So here we are in the New Year, two months and more since Trump lost by seven-plus million votes, and he is still campaigning–last night in Georgia, last Saturday on the telephone, pleading with Georgia’s secretary of state to just “give him a break” and find him the 11,780 votes he needs to win the state, and 24/7 via his motley crew of surrogates since November 3rd. After his 60-plus failed legal challenges, all that he’d need to be “reelected” if he had Georgia in his grasp is to overturn the election in Pennsylvania, Michigan, Arizona, and/or Wisconsin–or to simply browbeat his Vice President into refusing to confirm the election results before Congress tomorrow. As grotesquely authoritarian as his efforts are, as blatantly contemptuous of the “will of the people” and all that, they would be pathetic if there wasn’t a considerable likelihood that they will work. As the still-compliant Republicans keep saying, the evidence for massive Democratic cheating is blatant, obvious, and undeniable, except for the fact that it’s invisible and impossible to prove. Cruz, Hawley et al are betting their careers on Trump rather than democracy.

Trump won’t be able to hold onto power if he does pull off his coup, but how do we ever come back from this as a country? The children have been watching and listening. They’ve seen it all.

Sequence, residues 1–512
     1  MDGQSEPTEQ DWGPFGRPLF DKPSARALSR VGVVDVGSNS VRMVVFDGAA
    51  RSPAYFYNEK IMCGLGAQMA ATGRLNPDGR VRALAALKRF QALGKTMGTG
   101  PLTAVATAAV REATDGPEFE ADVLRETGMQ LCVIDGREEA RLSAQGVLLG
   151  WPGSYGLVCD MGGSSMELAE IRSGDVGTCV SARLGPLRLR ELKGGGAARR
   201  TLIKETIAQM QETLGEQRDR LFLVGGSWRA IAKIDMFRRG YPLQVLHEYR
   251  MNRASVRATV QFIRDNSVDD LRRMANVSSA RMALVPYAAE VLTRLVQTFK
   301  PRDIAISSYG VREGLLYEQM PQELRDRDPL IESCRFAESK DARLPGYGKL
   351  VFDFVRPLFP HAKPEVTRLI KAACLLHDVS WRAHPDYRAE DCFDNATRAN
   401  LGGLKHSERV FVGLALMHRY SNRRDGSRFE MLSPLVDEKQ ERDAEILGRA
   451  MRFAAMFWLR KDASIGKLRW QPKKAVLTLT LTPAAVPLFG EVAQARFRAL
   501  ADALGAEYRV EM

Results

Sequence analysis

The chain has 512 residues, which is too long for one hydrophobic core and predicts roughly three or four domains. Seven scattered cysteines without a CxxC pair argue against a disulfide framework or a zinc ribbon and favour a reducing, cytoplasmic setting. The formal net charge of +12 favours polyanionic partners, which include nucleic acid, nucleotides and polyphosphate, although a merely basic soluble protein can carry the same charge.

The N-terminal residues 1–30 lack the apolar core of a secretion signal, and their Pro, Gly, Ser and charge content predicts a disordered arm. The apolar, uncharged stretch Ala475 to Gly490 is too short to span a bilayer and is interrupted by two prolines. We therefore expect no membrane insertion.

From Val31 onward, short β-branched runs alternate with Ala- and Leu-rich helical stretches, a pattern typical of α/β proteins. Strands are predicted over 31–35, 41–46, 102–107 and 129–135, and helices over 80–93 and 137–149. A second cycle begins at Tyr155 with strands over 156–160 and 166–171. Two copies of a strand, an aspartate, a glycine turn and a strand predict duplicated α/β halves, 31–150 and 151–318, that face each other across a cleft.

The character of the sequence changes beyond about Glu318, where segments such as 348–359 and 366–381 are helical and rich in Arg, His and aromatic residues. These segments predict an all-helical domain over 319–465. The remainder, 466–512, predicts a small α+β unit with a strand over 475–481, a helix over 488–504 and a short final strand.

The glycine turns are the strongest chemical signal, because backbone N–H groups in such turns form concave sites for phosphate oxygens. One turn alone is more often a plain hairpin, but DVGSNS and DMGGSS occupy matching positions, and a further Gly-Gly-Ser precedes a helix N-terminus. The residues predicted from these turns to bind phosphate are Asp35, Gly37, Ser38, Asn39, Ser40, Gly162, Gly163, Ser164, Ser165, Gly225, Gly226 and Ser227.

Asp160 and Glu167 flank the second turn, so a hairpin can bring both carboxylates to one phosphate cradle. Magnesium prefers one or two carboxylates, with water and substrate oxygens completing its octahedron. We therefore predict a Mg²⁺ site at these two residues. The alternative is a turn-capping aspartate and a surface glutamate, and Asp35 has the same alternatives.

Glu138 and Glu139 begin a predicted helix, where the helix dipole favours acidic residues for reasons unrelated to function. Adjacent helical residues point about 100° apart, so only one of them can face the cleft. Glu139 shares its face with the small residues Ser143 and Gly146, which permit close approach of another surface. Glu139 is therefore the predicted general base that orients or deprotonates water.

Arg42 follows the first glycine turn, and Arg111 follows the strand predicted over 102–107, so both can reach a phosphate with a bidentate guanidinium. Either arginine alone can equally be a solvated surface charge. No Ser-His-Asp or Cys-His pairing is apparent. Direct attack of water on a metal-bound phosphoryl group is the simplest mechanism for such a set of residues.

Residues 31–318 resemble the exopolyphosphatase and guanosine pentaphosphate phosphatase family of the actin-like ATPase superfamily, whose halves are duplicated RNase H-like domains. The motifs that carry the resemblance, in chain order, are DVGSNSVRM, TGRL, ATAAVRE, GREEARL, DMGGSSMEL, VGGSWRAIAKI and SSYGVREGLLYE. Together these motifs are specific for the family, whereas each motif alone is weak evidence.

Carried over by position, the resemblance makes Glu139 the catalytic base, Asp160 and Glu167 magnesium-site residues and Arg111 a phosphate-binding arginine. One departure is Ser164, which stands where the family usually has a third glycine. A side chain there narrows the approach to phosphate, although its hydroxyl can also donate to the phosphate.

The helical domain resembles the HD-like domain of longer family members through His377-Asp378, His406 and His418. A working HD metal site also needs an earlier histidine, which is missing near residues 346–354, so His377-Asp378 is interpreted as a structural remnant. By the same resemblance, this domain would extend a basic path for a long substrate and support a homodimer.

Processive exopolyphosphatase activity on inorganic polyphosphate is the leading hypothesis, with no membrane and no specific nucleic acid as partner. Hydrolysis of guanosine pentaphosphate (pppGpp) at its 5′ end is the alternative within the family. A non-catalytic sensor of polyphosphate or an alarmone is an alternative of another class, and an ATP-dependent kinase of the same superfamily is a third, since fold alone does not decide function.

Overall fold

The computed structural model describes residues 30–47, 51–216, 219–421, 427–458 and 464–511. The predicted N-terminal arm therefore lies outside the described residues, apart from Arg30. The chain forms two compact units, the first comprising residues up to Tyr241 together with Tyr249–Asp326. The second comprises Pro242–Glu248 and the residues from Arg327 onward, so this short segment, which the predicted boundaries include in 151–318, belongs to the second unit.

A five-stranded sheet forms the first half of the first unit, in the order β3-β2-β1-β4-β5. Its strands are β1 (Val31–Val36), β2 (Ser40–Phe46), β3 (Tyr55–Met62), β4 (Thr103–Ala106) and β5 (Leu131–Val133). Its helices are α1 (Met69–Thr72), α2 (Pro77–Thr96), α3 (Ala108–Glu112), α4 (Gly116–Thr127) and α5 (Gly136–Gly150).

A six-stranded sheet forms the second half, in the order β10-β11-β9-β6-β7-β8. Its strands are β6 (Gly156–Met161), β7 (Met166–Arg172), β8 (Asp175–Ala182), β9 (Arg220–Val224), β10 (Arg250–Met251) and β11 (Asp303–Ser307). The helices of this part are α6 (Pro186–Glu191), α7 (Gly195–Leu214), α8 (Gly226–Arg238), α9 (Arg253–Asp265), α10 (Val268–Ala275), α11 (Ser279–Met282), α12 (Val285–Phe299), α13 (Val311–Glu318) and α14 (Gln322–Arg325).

Closing the Deal


So, first his ex-campaign manager was arrested by a SWAT team. Then, last Saturday he officiated over a super-spreading event to celebrate the shotgun installation of a far-right Dominionist on the Supreme Court, Sunday he was exposed as a serial bankrupt and tax cheat, Friday he went to the hospital with Covid after infecting half his team and a bunch of supporters, Sunday he forced Secret Service Agents to breathe his droplets during a drive-by campaign stunt, and Monday he returned to the White House, maskless and triumphant, having conquered the virus without the benefit of even hydroxochloroquine. And this morning, down in the polls by double digits, he gave us his closing argument: write off the last four years and give me four more because Obama investigated his campaign’s collusion with the Russians and kept it secret until after he was elected.

How can he lose? But he can still steal the election and he just might if Barr stays healthy.

Amy Coney Barrett

I’m being deluged with “we must stop Trump from filling RBG’s seat” e-mails and messages, and they are not moving my dial at all. That shoe dropped back in 2016. It’s been obvious since Garland that McConnell would seat anyone a Republican nominated, even if they were nominated on January 15, 2021. I don’t care about Barrett, or what people who know her attest. She’s accepted the nomination from Trump some 40 days before the election; that tells me all I need to know. If I were a senator, I wouldn’t meet with her, I wouldn’t attend the hearings, and I wouldn’t cast a vote pro or con. She can’t be stopped, but she shouldn’t have a shred of bipartisan legitimacy. Let her win by 51-0.